Not that I’m saying that Madame Arroyo is incapable of arrogance and villainy. Her EO 464 is an edict that reeks of supreme arrogance. EO 464 violates a co-equal branch of government—the Senate—and prevents it from fulfilling its critical check and balance function that safeguards against anomalies of the executive. Her Pre-emptive Calibrated Response policy further reflects the mind of an arrogant and deluded ruler who thinks that she is beyond reproach and over and above the people’s right to protest, demonstrate and express disgust over vile governance.

Who can be more arrogant and villainous than one who can steal an election and then behave like the aggrieved party when the people want to know the truth?

Traumatic experience

The May 1, 2001 assault on Malacanang Palace by the pro-Estrada masses was a traumatic experience for Gloria Macapagal-Arroyo. I have friends who were there, inside and outside of Malacanang, who narrated to me the gravity of that attempt to duplicate the Fall of the Bastille which started the French Revolution. Many of us who watched that rampage live on television were stunned at the unexpected preview of what a revolt of the masses could be like.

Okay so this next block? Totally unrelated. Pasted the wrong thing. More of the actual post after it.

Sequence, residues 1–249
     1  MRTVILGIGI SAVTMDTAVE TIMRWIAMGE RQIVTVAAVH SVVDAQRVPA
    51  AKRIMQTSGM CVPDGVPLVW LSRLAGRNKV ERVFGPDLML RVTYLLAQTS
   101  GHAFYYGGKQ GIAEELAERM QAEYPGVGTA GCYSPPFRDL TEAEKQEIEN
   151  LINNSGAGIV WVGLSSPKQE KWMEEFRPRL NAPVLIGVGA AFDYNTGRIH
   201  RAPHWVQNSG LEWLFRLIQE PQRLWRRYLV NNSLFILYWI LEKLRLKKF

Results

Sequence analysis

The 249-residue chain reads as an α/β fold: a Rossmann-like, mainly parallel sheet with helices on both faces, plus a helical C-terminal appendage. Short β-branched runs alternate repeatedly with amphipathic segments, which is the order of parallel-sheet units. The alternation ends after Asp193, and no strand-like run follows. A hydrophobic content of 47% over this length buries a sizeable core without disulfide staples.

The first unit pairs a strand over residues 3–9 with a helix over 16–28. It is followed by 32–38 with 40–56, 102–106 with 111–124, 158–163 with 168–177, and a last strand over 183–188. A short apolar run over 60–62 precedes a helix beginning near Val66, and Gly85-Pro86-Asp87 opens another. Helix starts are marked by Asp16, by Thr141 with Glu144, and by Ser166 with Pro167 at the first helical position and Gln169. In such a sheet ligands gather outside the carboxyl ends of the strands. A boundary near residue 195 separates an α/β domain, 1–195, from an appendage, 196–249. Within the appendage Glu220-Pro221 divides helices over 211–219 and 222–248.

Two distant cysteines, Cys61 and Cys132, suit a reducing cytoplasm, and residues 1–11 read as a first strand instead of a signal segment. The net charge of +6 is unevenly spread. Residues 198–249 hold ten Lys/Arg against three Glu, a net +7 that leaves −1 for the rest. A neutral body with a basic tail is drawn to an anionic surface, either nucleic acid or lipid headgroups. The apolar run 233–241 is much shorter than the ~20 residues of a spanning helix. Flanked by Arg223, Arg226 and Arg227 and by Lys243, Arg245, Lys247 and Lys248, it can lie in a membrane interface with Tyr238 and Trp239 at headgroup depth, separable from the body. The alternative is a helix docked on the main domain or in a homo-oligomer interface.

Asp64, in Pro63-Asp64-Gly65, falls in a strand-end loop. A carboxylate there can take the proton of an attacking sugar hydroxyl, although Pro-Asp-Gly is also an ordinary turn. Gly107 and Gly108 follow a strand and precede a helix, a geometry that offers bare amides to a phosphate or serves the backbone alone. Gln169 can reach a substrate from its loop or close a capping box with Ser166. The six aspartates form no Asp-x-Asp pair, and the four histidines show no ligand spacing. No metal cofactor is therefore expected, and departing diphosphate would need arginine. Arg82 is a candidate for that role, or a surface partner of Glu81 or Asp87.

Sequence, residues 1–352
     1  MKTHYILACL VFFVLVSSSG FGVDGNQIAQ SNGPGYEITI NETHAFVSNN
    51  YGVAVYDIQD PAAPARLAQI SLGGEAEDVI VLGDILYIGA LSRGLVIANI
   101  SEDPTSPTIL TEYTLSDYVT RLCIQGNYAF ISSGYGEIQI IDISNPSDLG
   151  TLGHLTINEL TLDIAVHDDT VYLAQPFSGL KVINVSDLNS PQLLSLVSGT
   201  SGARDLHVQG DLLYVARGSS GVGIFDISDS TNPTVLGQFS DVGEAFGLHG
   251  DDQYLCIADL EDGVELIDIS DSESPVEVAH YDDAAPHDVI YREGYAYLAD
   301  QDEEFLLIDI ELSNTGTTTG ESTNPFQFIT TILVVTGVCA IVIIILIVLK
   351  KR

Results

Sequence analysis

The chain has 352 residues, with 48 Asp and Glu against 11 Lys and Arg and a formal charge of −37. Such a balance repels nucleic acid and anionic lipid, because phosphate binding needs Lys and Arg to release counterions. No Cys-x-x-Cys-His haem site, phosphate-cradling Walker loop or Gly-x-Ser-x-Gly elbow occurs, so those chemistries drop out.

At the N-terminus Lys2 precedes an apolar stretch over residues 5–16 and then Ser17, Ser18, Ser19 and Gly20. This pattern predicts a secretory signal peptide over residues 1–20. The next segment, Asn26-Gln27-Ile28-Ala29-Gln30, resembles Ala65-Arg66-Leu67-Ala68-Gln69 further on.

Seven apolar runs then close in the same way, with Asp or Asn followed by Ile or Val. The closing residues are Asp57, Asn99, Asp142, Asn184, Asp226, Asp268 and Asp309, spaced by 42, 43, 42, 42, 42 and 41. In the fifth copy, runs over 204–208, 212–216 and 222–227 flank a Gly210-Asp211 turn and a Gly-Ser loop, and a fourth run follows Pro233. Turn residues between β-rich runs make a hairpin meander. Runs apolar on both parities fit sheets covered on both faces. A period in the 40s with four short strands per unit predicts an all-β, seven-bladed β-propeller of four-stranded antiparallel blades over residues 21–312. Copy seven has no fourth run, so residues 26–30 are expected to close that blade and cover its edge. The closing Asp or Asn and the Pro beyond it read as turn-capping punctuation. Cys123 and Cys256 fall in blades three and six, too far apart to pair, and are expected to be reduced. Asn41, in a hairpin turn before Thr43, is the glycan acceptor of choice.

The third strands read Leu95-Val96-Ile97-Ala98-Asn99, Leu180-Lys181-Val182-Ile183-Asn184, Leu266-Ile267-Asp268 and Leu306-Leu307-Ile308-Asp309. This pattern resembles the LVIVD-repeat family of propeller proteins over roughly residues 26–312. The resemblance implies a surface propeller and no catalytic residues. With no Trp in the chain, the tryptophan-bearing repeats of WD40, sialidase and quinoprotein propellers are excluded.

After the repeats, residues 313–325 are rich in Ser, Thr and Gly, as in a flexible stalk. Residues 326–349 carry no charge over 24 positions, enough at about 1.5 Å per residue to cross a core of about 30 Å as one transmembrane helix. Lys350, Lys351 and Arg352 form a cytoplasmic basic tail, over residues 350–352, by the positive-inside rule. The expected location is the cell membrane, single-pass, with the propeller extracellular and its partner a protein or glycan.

So, you can just imagine how a woman like Gloria Macapagal-Arroyo must have felt while all that was happening a few meters from where she lived. Until that point in her life, Gloria has never experienced such hatred and violence directed towards her. How that mob was roughing up innocent bystanders and destroying private property in Mendiola would have conjured images in Gloria’s mind of how that could be done to her and her family should they fall into the hands of the enraged masses.

After that traumatic episode, the reality must have dawned on Gloria’s mind that her survival can only be secured by the men in uniform—the military and the police. And so from that time on, we all saw how those men in uniform became more powerful in Madame Arroyo’s inner circle.

You may attack any other cabinet secretary or high ranking agency head and if the attack was severe enough and sustained by media, Arroyo would react and remove the controversial official. Former Social Security System (SSS) boss Vitaliano Naniagas experienced that. He attempted to implement reforms in the SSS and drew the ire of those who would be affected by the reform program. Instead of supporting the reformer, despite the EDSA II mandate of justice and reform, Gloria pandered to the mob and sacked Naniagas.